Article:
12. January 2015 · Comments Off · Categories: Angie, Children's Books, Fiction, Historical Fiction · Tags:

Seven Stories Up by Laurel Snyder, 240 pages, read by Angie, on 01/11/2015

Annie is on her way to see her dying grandmother who she has never met. Grandma Mary lives in an empty hotel and is a mean, cranky woman. During a storm, Annie travels back in time to 1937 and meets her grandma as a young girl. Mary goes by Molly and is locked in the “lonely room” because she has asthma and her parents don’t want her to die. Molly is unhappy and a bit self-centered until Annie arrives. Annie helps Molly escape the room and they go on adventures throughout the town: roller-skating in Woolworths, experiencing a fair on the docks, traveling through the laundry chute and the dumb waiter at the hotel. As much as Annie enjoys getting to know her grandma and experiencing 1937, she really just wants to get back to her own time and mom.

This book has a bit of The Secret Garden and a bit of The Magic Half and a bit of Eloise. It was a fun historical read with a time travel twist. I loved the setting of the hotel and all the mischief the girls could get into. I do wish there would have been a bit more about the historical time period. It is set in the Great Depression, which Molly being a rich, white girl doesn’t really experience. The girls notice it more on their trips out in town, but it is barely mentioned at all. Molly seems to have lots of money to spend, but no concept of how much things are actually worth, which makes sense when you realize she has never been out of her room. I enjoyed the book overall, but just wanted a little bit more from it.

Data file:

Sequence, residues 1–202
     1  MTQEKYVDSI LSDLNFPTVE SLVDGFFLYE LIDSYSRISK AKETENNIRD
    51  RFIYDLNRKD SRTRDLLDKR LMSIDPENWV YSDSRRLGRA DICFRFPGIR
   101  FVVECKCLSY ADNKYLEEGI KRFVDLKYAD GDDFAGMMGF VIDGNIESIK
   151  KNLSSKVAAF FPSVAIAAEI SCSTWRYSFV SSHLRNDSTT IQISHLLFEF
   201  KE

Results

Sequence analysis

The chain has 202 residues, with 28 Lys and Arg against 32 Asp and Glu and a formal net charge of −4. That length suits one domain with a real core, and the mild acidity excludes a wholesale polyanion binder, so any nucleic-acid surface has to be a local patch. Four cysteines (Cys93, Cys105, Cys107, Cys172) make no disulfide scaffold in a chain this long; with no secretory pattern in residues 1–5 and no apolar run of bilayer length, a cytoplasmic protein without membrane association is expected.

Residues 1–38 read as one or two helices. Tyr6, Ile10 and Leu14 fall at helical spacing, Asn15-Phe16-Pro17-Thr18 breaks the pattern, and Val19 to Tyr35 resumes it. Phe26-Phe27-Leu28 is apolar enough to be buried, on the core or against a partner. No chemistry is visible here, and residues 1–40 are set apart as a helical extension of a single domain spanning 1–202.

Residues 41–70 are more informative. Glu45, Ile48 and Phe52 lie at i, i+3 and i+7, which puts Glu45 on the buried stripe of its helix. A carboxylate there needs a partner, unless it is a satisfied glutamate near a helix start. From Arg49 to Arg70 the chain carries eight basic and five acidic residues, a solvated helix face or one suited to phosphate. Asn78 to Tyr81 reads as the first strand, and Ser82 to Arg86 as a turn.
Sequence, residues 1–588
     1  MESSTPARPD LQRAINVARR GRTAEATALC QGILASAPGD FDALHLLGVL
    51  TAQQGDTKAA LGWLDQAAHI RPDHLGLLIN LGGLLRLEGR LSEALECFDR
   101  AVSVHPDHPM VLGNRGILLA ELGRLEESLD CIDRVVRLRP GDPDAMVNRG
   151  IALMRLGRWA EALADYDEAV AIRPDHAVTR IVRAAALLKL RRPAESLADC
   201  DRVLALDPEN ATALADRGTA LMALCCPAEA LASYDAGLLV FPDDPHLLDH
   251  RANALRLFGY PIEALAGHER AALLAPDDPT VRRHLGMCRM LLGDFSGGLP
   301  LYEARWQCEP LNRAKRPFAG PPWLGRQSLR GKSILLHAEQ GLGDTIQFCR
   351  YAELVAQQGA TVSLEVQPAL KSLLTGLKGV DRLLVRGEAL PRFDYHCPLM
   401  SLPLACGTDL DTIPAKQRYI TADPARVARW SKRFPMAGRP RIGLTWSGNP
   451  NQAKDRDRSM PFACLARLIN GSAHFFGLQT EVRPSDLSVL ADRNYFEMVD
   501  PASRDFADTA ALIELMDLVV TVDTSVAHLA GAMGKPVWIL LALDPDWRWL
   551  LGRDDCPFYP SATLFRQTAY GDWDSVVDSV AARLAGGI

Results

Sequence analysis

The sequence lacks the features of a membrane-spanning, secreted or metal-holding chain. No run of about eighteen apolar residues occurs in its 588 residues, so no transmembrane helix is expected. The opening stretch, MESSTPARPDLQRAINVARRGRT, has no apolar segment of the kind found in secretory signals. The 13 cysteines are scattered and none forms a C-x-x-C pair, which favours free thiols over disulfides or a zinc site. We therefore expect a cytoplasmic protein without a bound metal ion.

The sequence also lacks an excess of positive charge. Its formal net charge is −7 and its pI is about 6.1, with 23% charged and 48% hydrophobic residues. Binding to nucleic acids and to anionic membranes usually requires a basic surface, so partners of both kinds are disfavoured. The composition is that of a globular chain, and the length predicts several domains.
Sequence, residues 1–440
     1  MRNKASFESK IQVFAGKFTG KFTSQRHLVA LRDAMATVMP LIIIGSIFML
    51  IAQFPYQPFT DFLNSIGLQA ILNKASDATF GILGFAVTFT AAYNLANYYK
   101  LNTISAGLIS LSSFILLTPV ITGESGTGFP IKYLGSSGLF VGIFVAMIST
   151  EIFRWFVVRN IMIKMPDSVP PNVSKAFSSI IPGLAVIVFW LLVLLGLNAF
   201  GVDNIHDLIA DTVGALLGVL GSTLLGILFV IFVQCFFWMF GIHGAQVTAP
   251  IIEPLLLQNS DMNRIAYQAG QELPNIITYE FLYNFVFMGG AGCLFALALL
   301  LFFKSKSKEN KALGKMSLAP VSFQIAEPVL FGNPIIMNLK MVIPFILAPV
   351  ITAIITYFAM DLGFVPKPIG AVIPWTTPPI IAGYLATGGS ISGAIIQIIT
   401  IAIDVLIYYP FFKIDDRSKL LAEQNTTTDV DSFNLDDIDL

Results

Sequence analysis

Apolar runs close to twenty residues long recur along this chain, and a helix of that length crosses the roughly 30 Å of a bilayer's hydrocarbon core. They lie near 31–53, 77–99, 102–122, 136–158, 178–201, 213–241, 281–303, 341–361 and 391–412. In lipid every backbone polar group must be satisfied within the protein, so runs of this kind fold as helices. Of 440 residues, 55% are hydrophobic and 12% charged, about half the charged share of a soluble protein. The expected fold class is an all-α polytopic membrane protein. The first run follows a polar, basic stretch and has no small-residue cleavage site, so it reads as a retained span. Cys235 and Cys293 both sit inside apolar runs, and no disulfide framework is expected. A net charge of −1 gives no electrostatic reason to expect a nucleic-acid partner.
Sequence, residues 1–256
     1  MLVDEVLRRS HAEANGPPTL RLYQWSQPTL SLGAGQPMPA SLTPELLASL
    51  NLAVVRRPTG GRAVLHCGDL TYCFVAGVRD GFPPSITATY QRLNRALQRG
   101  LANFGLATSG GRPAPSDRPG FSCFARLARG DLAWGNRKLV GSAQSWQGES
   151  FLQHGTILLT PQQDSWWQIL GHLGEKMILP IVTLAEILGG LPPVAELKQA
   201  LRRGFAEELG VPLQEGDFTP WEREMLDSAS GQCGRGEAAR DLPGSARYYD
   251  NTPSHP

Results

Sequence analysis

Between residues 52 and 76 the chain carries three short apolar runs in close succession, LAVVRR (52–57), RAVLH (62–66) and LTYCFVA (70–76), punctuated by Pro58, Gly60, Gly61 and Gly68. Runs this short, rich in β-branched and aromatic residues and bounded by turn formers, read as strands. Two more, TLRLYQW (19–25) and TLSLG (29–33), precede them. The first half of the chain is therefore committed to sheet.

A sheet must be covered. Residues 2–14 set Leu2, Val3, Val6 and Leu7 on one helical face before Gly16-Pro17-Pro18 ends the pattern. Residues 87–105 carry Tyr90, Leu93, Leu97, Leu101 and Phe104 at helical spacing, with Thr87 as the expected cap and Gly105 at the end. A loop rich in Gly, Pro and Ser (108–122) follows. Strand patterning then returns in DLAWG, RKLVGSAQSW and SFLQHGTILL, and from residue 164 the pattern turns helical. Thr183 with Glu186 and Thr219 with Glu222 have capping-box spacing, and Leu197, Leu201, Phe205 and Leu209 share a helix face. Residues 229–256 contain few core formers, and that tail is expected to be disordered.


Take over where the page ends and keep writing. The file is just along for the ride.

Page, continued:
12. January 2015 · Comments Off · Categories: Angie, Children's Books, Fiction, Science Fiction

The Twin Powers by Robert Lipsyte, 256 pages, read by Angie, on 01/11/2015

Tom and Eddie are very special twins. Tom lives on EarthOne in 2012, Eddie lives on EarthTwo in 1958. They are half-aliens and have telepathic powers. They are the Earths’ only hope for survival because the aliens want to destroy both worlds. There is no mention of the mother, but Tom/Eddie’s father and grandfather are both aliens who happen to be able to be in two places at once. Eddie comes to EarthOne and the twins and their friends embark on a tour to promote TechOff! Day. Of course the men in black are after them because they think the twins know about the aliens. People keep disappearing off the tour with no explanation. There are car chases, Guantanamo style torture of kids, alien rescues, displays of telepathic power and a spaceship chase into space. All of this adds up to one crazy story that makes little sense. It is told from multiple points of view which lead to a less than cohesive narrative. I think everyone got a chapter and was surprised when the dog didn’t. I think the book would have been stronger if told in a third person narrative that gave more cohesion to the story instead of multiple first person narratives. As it was there was a lot of tell and very little show to the book. I haven’t read the first book and maybe that would have cleared up some of the mess. But this book does claim to be a stand alone novel. The story was so implausible and senseless that it was difficult to read. The aliens created EarthTwo as a type of experiment; cloning the planet and putting it 60 years in the past. Yet they take no responsibility for it and their interest really isn’t explained. The whole men in black scenario was so ridiculous I felt like I was reading a mish-mash of bad scifi movie plots. This is definitely a story you can pass on.